• Given the fact the stones were used for gratuitous 90210esque scenes in "Earth", with such stunning and compelling drama as the senator's daughter realising she's shallow and her boyfriend is cheating on her, all of which transpires in a bar... it might well be worth saying that while the Ancient communication devices aren't inherently destructive to the shows concept, the way they're being used is severely undermining and cheapening the show. I find it hard to not look at their use and have it scream LAAAAAAZY - because thus far, it seems to have been used solely for the purposes of exposition on characters and now, more of the IOA's idiot plans.
      • They have at least two stones. Possibly more. Assuming that the SGC can muster six experts on Ancient language and tech (not a huge assumption, even excluding Jackson, Carter, McKay and Zelenka), give each of the six experts one eight-hour shift on Destiny each day and they've have TWO experts working 24/7. No matter how smart Rush is supposed to be, he can't match that. Meanwhile, the Destiny folk who've been mindswapped back to the SGC get crash courses in emergency medicine, reading Ancient, or whatever else they might find useful. No, the SGC can't provide Destiny with more equipment, but Mission Control couldn't provide Apollo 13 with more gear either—but they sure as heck worked their asses off to help them. They didn't waste invaluable resources and time with lengthy goodbyes from the crew to their families.
      • The comparison to Mission Control is an excellent one.
      • The device fits five stones at a time and they presumably carry that many, but body-swapping also can't last forever. As for the experts, Rush is an expert in the language and tech, but he can only do so much with what he has. The only benefit to having others work on the problem is fresh perspectives, and this is somewhat mitigated by tying up Earth's finest minds on one task when there's other work to be done. The Apollo 13 thing doesn't work as a comparison. They knew the ship better than the crew. No one knows the ship better than Rush at the moment, and sending other experts means they'll have to get up to speed (it seems they'll actually do so in a later episode with a guest star, but there's not too many details on that). Finally, to the crash courses thing, given how they're going from one problem to the next, there's really not enough time for people to be taking such courses.
      • The show makes a big deal about the lack of skilled professionals like doctors and psychiatrists, why can't they use the stones to get a physician on board?
      • Because, as seen in the latest episode, using these stones on a daily basis is starting to have side effects. It's just a little memory bleed-over now. What happens when it degenerates into psychosis?
      • These side-effects only popped up in ep. 9 (i.e. the writers finally realized that stone overuse destroys the story). Before that, they used the stones without even a trace of concern. They allowed Eli and Chloe to spend the night in a club - pretty much anything is more important than that, so there's really no justification for not bringing useful people to the Destiny. It's simply a Plot Hole.
      • Note that, in this instance, they really had brought supposedly more useful people in their place and barred them from returning. What else could they do?
      • As for letting Eli and Chloe go clubbing, it's pretty clear by this point that members of the 'expedition', for lack of a better word, are allowed to take purely personal time on their trips (note the Chinese IOA member's latest trip home).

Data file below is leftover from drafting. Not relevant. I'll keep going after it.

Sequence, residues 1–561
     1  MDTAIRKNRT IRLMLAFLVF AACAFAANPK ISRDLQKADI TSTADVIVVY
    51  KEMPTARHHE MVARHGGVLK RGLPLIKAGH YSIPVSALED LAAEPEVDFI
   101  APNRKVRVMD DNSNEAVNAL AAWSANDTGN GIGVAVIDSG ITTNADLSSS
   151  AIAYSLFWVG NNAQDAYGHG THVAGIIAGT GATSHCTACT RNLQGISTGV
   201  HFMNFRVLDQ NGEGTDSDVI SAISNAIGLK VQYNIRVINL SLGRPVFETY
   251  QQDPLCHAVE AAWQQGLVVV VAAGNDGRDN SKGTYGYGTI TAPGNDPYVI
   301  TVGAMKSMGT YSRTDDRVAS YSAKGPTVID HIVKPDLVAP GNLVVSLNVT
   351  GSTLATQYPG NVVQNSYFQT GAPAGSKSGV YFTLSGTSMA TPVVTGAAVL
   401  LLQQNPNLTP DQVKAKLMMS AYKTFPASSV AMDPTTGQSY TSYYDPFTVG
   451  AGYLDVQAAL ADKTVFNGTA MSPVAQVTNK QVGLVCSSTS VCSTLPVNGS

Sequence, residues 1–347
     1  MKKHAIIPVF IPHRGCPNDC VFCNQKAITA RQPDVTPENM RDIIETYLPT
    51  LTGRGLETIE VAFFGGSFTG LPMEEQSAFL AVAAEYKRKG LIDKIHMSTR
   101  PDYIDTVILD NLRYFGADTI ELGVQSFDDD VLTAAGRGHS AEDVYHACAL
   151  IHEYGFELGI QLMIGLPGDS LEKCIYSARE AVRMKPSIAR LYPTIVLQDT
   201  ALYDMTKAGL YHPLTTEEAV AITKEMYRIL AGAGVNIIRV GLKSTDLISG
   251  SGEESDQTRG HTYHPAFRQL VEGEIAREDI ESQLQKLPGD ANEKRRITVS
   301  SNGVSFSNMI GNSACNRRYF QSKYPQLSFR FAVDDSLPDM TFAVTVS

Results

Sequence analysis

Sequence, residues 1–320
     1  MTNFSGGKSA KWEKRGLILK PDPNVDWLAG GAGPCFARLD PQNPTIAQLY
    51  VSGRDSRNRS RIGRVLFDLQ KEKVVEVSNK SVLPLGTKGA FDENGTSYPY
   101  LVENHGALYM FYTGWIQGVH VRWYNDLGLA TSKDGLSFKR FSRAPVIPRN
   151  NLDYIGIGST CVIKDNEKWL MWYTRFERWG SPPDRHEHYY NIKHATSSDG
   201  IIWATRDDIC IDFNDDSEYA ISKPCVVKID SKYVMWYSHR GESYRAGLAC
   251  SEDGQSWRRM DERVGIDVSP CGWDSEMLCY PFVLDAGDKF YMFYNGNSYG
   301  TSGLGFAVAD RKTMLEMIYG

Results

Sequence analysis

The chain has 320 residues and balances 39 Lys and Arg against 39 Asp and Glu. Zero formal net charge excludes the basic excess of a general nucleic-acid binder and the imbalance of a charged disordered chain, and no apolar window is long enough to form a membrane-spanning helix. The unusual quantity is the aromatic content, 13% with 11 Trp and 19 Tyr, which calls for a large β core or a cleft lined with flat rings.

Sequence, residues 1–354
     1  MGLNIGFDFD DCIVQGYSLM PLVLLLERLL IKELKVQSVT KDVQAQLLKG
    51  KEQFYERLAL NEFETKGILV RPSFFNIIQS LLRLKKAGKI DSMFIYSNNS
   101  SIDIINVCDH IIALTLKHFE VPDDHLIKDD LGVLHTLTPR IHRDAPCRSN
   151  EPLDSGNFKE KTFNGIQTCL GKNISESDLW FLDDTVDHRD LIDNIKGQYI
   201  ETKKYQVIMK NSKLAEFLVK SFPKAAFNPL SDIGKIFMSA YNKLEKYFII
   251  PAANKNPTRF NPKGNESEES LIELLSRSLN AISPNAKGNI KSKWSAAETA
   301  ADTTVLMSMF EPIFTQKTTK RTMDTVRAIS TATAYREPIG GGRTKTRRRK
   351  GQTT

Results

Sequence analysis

• I don't really get why everyone hates the stones. It's a nice variation on the whole isolation theme. Expert's minds are transported every time they are needed. Also, who is to say that McCay and Carter aren't looking in the vast repositories of ancient knowledge they have of both the ancients and asgard to figure out how Destiny works?
    • I'm still irked by the idea that these stones allow for realtime communication across literally billions of lightyears. Um, signal scatter anyone? At those distances even one degree off isn't even reaching the same galaxy!
    • The ISSUE with the communication stones is about atmosphere. Voyager, fucking VOYAGER managed to go five season before they got real time communication with Earth. Not to mention that thus far, the Ancient communication devices have just provided padding and thinly veiled exposition. OH! LOOK! Young has issues with his wife! The ability to communicate with Earth INSTANTLY kills the isolation. They even get to EXPERIENCE Earth with these devices! It allows the struggle for survival to go into - oh, look! The slutty senator's daughter has to tell her mother daddy died... RATHER than actually developing characters or forwarding plot.
      • Yeah, cuz the plot hasn't moved at all from the first episode! Nobody's showing any signs of development either! All because of those damn stones! It's not like a character's relationships and backstory actually matter, so let's forgo an established piece of technology that makes perfect sense to bring along given the setting so that the "atmosphere" can feel more like Voyager!

        Yeah, sure. And once again, a character is called "slutty" when she slept with one guy. Cut down the hate a little, take a chill pill, then get back to us when you stop foaming at the mouth, okay?

        The ability to communicate with Earthy doesn't "INSTANTLY kill the isolation". They're still isolated with no way home. They still need to figure out how to survive. They still don't even know if they'll survive, and they know there's no help coming from Earth. The stones are an established, used item in the universe already, and as mentioned before, if they hadn't been brought, then that would be a Wall Banger because why the hell wouldn't you bring an extremely reliable and compact communication system if you're going to parts that are literally and completely unknown?